September Audio Reviews

By Robbie Daw, John Hamilton & Stephen Sears

Our Audio section is more interactive than ever! Stream music, watch videos, plus get the ever-excellent expert opinions from our musical mavens on the newest releases. What’s spinning right now? We've got reviews on the new releases from Goldfrapp, AlunaGeorge, Janelle Monáe, Natalia Kills and more.

GOLDFRAPP

Tales of Us (Mute)

4.5 Stars

Goldfrapp’s sixth album opener, “Jo,” starts with a red herring: a burst of synth strings. They quickly fade to a plucked bass and Alison Goldfrapp’s beautiful voice singing, “Heard a shot and someone calling, strained in darkness.” It’s as if she’s passed through a film noir portal. The album’s ten songs are narratives: “Annabel,” based on the story of a young hermaphrodite expected to choose one sexual identity; “Simone,” a betrayal scenario. Only the pounding “Thea” hints at past disco majesty; most of Tales is built on acoustic instrumentation, awash in orchestrals.  Make no mistake: the album is a perfect fall headphone record.  The lone song without a proper name, “Stranger,” ascends the (felt) mountain of Goldfrappian classics. To paraphrase its lyric, Tales Of Us will kill you, tenderly. — SS 

 

 

 

AVICII

TRUE (PRMD/Island)

4 Stars

Like a slightly more ambitious David Guetta (heaven forbid), Avicii is taking the opportunity of his first studio album to make a play for world domination. With a Grammy nomination, a bona fide dance-pop classic in the Etta James-sampling “Levels,” and new single “Wake Me Up” bounding into the U.S. Top 10, the 24-year-old DJ/Producer just may be onto something. TRUE parlays his disco expertise into a surprisingly diverse set of pop tunes, one that betrays influences of everything from country to '60s psyche-pop to ethereal diva wailing. He’s even wangled guest star collaborations from Nile Rodgers, Adam Lambert and Mac Davis, of all people, to show that his musical roots extend beyond the club. If that all sounds terrifyingly unfocused, fear not: every track is an upbeat corker with a chorus clearly engineered for major dance floor arm-waving. Extra points for doing so without help from Sia or Pitbull. — JH 

 

 

 

 

JANELLE MONE

Electric Lady (Wondaland Arts/Bad Boy)

4 Stars

The curious case of Janelle Monáe: Prince, James Brown, Ella Fitzgerald and Liza Minnelli rolled into one pocket-sized pistol. High art, high hair and high fashion have not equaled high charting singles. Second LP Electric Lady is a Gemini, split into two halves. The first is serious funk R’n’B soul (her duet with Miguel, “PrimeTime,” may actually dent the charts). The Stevie Wonderesque second half (check “It’s Code” and “Dorothy Dandridge Eyes”) is a near flawless '70s album unto itself. Make your own playlist and call it Songs In The Key Of Monáe. — SS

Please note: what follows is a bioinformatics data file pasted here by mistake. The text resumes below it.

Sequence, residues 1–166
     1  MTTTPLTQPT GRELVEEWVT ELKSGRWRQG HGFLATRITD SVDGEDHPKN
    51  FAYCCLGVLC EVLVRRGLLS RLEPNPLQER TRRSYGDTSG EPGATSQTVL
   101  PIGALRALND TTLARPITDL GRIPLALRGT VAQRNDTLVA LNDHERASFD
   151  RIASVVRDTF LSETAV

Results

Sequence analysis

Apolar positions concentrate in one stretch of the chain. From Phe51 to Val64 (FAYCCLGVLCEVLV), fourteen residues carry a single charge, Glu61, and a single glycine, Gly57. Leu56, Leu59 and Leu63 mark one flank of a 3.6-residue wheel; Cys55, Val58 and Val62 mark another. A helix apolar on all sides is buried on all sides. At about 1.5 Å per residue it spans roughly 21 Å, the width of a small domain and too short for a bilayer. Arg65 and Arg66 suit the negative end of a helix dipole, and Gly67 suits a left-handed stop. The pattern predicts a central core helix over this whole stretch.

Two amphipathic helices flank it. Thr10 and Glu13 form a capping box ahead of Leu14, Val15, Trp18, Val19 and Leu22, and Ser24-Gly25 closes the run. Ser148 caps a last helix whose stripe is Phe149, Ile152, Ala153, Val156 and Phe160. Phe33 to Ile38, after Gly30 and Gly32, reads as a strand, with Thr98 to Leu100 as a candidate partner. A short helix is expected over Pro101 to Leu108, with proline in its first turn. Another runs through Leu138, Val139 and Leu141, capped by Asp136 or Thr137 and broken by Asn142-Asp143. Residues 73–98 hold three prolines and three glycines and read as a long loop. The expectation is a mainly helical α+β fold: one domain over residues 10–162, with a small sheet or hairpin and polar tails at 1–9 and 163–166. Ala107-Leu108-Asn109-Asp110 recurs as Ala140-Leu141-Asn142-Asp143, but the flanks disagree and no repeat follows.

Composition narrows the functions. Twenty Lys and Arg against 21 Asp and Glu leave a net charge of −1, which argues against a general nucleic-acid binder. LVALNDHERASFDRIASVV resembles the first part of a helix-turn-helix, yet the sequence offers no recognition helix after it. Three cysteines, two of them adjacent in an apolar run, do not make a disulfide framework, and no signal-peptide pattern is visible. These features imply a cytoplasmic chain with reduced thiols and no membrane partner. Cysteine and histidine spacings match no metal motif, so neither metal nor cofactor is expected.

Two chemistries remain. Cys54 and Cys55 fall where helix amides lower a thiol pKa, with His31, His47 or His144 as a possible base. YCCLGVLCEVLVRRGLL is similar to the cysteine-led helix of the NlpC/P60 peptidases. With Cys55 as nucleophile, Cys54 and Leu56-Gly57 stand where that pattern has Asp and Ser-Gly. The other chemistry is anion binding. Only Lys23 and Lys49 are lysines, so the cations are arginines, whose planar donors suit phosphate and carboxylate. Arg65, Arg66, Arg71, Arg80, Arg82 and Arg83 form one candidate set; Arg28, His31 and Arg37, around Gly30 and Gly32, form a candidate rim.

ALUNAGEORGE

Body Music (Vagrant)

3.5 Stars

Riding the current wave of UK dance that also includes Jessie Ware, Katy B and a raft of other hopefuls, electro-soul duo AlunaGeorge have a good shot at their own hit with the sleek Body Music. Reminiscent of Craig David, AlunaGeorge—singer Aluna Francis and knob-twiddler George Reid—lay atmospheric R&B over skittering 2-step garage beats and taut, popping basslines like nobody’s business. Although most tracks swing in the right direction (first single “You Know You Like It” is a jam) and seamlessly fuse the dance floor with the bedroom (album highlight “Driver”), nothing lingers in the memory very long after it’s ended. Still, it’s a pleasant enough party that ends on a high note with a cheeky cover of Montell Jordan’s classic “This is How We Do It.” — JH 

 

 

 

 

NATALIA KILLS

Trouble (Interscope)

3.5 Stars

Ah, Natalia Kills—the raven-haired Hot Topic goth girl who tried to jump on the Lady Gaga bandwagon three years ago with clumsy electro debut Perfectionist. How she’s still signed to a major label after that colossal flop is anyone’s guess, but here we are. “That girl is a problem,” Natalia warns on electric rock rant “Problem,” before asking, “Don’t you wanna save this dirty little damsel?” Other tracks like “Saturday Night” and “Outta Time” mine '80s synth pop for all it's worth. To be honest, the overall result here is a generally pleasing, modern-sounding record (as it should be, given that studio whiz Jeff Bhasker produced the album). When presented with a rare second chance, Kills seized upon it and actually delivered a somewhat solid album. Whether she’ll get the big break it’ll take to catapult this into the mainstream, however, remains to be seen. — RD